Good on Brett Brown for making the necessary change that confirms Philadelphia’s odd-ball offseason was a mistake.
There might be a world in which Joel Embiid and Al Horford thrive playing together, owning the paint on both ends, exploiting mismatches from the inside out and affording ball handlers ample space to operate with canny screens and dribble hand-offs. But this one definitely isn’t it, not with Ben Simmons cramping the floor by refusing to shoot outside the paint and Horford’s three-ball falling at a rate well below career norms.
The theoretical silver lining, even if it’s one you have to squint to see, is that the Sixers aren’t taking anything off the table by moving one of their best players to the bench. Embiid is almost a top-five defense unto himself. The hope is that negative fallout defensively from replacing Horford with a wing like Furkan Korkmaz or Glenn Robinson III proves minimal, while additional spacing and off-dribble dynamism on the other end juices an offense that’s lagged far behind its talent level all season long.
Fortunately for Philadelphia, there’s ample evidence supporting the viability of those assumptions. The Sixers have defended at a league-best level with Embiid on the court whether Horford plays next to him or not, surrendering equal effective field goal percentages of 50.2. Their offensive rating spikes from a putrid 98.9 to an average 108.8 when Embiid mans the middle sans Horford, with the former’s true shooting percentage bumping nearly four points to just below the hallowed 60 percent threshold. Philadelphia remains elite defensively with Horford at center, too, surrendering 104.8 points per 100 possessions, a number that would rank third in the league overall.
Obviously, the real test for the Sixers’ revamped rotation – which is still very much in flux even before accounting for Simmons’ back injury, by the way – will come in the playoffs. But this team was always built more for the postseason than 82-game grind, and Philadelphia proved last spring that it’s more than comfortable knocking jaws in a half-court series.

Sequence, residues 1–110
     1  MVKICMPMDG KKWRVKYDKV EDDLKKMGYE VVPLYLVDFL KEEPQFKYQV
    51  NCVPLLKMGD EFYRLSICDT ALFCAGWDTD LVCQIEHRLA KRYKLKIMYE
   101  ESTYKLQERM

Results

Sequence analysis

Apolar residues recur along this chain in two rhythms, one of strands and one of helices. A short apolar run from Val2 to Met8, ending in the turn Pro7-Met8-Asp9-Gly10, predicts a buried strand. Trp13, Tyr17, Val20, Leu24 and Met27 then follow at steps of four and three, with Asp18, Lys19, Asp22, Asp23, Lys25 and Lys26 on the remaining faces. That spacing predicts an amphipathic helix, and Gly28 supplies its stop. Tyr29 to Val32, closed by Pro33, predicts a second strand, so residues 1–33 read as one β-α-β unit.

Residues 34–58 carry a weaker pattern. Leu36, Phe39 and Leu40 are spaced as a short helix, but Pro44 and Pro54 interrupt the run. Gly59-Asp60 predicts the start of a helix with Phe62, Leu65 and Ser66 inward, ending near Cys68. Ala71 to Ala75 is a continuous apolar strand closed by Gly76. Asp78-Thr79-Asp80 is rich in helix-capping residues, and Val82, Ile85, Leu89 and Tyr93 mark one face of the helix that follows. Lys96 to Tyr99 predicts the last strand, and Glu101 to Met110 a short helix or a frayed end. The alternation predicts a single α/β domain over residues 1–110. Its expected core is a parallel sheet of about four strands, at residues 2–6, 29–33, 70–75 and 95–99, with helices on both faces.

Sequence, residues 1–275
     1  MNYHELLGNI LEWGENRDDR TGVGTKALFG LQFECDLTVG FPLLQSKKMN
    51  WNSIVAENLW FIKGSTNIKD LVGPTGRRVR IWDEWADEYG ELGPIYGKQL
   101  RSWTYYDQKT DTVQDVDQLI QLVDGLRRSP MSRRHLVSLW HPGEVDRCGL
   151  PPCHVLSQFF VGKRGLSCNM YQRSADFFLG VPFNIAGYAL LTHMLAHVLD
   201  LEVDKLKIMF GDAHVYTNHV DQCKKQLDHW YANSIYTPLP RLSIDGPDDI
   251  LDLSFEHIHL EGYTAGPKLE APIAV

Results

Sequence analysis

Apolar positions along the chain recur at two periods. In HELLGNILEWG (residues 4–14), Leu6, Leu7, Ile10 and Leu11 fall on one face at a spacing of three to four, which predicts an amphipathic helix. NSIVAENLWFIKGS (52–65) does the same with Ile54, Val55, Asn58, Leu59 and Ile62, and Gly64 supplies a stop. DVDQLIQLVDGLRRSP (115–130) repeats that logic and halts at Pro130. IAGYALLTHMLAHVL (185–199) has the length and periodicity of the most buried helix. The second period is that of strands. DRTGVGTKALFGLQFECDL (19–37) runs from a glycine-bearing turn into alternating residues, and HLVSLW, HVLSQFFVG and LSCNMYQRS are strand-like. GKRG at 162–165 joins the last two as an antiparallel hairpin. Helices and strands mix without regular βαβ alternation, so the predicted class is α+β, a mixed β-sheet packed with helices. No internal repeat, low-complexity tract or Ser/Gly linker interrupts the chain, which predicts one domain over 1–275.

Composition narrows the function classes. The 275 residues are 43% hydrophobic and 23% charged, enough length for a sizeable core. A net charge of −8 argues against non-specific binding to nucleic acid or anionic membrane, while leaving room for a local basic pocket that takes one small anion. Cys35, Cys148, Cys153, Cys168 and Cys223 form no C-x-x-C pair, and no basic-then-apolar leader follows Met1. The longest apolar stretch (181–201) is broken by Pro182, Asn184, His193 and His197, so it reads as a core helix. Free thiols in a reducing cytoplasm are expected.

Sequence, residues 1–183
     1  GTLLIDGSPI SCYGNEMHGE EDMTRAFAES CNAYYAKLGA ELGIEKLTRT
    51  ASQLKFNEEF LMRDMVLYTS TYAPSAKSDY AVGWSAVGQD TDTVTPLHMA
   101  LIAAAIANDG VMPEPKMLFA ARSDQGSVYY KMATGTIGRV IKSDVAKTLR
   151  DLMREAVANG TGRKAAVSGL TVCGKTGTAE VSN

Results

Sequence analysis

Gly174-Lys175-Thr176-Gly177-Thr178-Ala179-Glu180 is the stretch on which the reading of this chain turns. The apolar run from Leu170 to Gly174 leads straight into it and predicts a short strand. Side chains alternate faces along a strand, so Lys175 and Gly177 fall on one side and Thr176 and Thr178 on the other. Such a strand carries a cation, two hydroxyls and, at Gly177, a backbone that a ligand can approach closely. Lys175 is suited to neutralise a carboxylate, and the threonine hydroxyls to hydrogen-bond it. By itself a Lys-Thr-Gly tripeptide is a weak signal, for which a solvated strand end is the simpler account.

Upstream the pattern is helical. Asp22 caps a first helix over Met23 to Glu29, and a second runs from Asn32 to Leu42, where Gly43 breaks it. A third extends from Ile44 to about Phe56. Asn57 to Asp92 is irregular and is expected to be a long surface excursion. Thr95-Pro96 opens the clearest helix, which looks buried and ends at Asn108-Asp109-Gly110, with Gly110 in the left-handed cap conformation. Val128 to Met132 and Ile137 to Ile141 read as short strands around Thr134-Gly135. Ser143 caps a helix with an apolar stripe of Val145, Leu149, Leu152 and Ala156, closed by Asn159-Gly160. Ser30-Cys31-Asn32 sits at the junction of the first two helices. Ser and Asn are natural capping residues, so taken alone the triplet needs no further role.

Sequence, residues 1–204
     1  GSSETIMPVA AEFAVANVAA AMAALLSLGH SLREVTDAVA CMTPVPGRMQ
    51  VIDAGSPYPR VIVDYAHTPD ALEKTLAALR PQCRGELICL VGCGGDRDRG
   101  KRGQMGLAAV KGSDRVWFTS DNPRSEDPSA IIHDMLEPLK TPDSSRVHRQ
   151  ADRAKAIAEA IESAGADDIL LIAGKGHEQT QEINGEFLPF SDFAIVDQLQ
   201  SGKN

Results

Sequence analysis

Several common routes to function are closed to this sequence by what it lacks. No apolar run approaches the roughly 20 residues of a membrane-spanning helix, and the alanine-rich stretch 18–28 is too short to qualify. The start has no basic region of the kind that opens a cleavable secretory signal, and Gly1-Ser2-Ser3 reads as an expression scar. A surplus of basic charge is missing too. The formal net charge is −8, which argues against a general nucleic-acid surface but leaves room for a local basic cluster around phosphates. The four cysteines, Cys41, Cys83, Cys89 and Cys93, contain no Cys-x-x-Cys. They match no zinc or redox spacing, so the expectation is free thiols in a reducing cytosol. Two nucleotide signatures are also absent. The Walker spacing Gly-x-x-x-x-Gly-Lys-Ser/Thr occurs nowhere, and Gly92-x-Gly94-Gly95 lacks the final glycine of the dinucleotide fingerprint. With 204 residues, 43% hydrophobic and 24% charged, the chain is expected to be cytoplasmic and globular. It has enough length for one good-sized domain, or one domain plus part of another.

Should that prove the case again, don’t be surprised if Brown reverts to relying on units featuring both Embiid and Horford. Either way, what a luxury that the Sixers’ in-season about-face prompts little to no concern about their ability to hold up defensively.
Giannis Antetokounmpo – Milwaukee Bucks
The Bucks don’t play a single negative defender.
Eric Bledsoe and Brook Lopez deserve All-Defense consideration. No team in the East has a better collection of versatile, experienced wing defenders than Khris Middleton, Wesley Matthews and Marvin Williams. The defensive bona fides of George Hill, Robin Lopez and Ersan Ilyasova need no explanation. Donte DiVincenzo has quietly become one of the most disruptive perimeter defenders in the league. Pat Connaughton’s 2.5 percent block rate this season ranks sixth among all guards since 2010.
Mike Budenholzer and his staff deserve immense credit. No defense in the NBA is more connected than Milwaukee’s, moving in perfect sync on the flight of the ball and letting questionable shooters launch wide-open from deep while protecting the rim at all costs.
But the above personnel’s unrelenting symbiosis and commitment to scheme isn’t what takes the Bucks’ defense from the top of the league to historical greatness. Giannis Antetokounmpo, of course, owns that distinction all by himself.
It’s not always easy for the naked eye to deduce Antetokounmpo’s defensive value. He’s rarely tasked with shutting down his team’s top offensive threat, instead primarily used as an omnipresent deterrent away from the ball. But no matter who Antetokounmpo is guarding, they’re noticeably hesitant to attack him.
Gobert leads the NBA in contested shots per game with 20.5, while Pascal Siakam ranks 20th by averaging 14.4 contested field goal attempts. Jonathan Isaac, another multi-positional defensive monster, is 52nd in that category. Antetokounmpo, by contrast, finds himself outside the top-100 in contested shots per game.
Don’t be fooled by his lackluster standing there relative to other dominant defenders, though. As the New Orleans Pelicans’ young franchise players learned earlier this month, going at Antetokounmpo is such a losing proposition that it’s best avoided altogether.
Is any other player in basketball capable of meeting Zion Williamson at the mountaintop and coming down left standing, let alone completely swallowing Brandon Ingram one-on-one in the same game? No way.
Antetokounmpo is a shoo-in for his second consecutive MVP. The case for his first Defensive Player of the Year award is nearly as strong, even if it’s much less discussed.